Wait a moment. Hold it. Just back up a second. Let me see. Nope, we haven’t as yet covered FFS on Dangerous Minds. So, okay, let me sort this little oversight out right now.
FFS is the group formed by Sparks and Franz Ferdinand circa 2014 when they started recording their scintillating and perfectly formed eponymously titled album together. This glittering 24-carat nugget was released in June 2015 to rave reviews and promoted with a series of sell-out, headline concerts all across Europe and in parts of America.
So far so good.
But let’s hold on a second. For you see, in a way, FFS really all began back in 2004 when Franz Ferdinand, a four piece out of Glasgow Scotland, released their second single. This was a little number called “Take Me Out” which kinda put the band on the international playlist and hit the number three spot in both the UK pop charts and on Billboard’s Alternative Songs listings.
Apart from all the admiring reviews and sudden expectations, Franz Ferdinand’s single was heard by two brothers living out on the west coast of America in Los Angeles. Nothing too unusual about that except these two brothers happened to be pop royalty, Ron and Russell Mael, who for over forty have been producing some of the greatest most original and utterly delicious art pop/alternative music as the legendary band Sparks. Ron and Russell liked what they heard and decided Franz Ferdinand were creating a similar kind of original and utterly gorgeous music to themselves.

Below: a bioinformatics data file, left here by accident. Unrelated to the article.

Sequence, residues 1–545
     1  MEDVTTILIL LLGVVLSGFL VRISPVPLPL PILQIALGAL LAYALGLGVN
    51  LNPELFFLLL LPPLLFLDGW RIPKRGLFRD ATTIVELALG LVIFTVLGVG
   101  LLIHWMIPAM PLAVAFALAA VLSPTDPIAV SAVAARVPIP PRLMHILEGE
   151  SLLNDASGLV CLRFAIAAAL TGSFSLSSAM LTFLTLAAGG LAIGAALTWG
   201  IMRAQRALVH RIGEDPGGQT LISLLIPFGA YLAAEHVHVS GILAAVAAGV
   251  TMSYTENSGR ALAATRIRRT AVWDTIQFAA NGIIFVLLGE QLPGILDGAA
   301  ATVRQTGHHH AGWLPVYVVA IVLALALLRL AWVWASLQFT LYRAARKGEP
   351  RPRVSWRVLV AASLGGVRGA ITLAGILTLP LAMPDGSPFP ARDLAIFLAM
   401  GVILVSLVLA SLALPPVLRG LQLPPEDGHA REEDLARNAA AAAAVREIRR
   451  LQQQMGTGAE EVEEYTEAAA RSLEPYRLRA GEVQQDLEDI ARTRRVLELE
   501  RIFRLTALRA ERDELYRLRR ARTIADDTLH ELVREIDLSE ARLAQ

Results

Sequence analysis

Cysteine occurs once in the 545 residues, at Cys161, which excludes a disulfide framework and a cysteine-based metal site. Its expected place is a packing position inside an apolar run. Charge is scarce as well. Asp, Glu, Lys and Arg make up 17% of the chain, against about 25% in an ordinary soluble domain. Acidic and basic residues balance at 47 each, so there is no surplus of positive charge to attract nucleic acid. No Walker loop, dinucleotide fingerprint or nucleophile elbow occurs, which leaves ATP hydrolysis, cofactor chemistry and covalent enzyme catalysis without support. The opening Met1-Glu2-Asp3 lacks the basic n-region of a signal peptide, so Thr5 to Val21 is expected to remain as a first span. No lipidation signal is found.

Sometime shortly after this, Ron and Russell (or Russell and Ron) read in the music press that Franz Ferdinand were big, big, big, big fans of Sparks. Now, this all happened around the time Franz Ferdinand were gigging in LA. So, word went out from one band to the other and a meeting was arranged “for no particular reason.” Well, probably other than to share a little mutual admiration. They met in a coffee shop and at the end of their little conversation together came the suggestion “We should do something together some time.”
Now, Ron Mael describes this kind of coda as “Usually, that’s an empty kind of expression between bands.” But Sparks really got on with Franz Ferdinand and they liked what they were doing. So Ron and Russell wrote the song “Piss Off” which they sent over to Franz Ferdinand.
But like life, promises tend to drift with the pull of work commitments and personal relationships and well, you know. So, nothing happened until one day, almost a decade later…
Franz Ferdinand were playing in San Francisco at the very same as time as Sparks. The band’s lead singer Alex Kapranos was out wandering the streets looking for a dentist—Huey Lewis’s dentist to be precise—who he sought to fix some broken teeth. Looking for the right address, Kapranos suddenly heard a voice ask, “Alex is that you?” And lo, almost miraculously, there was Ron and Russell (or Russell and Ron) standing right behind him. And then they said, “Whatever happened to that project?”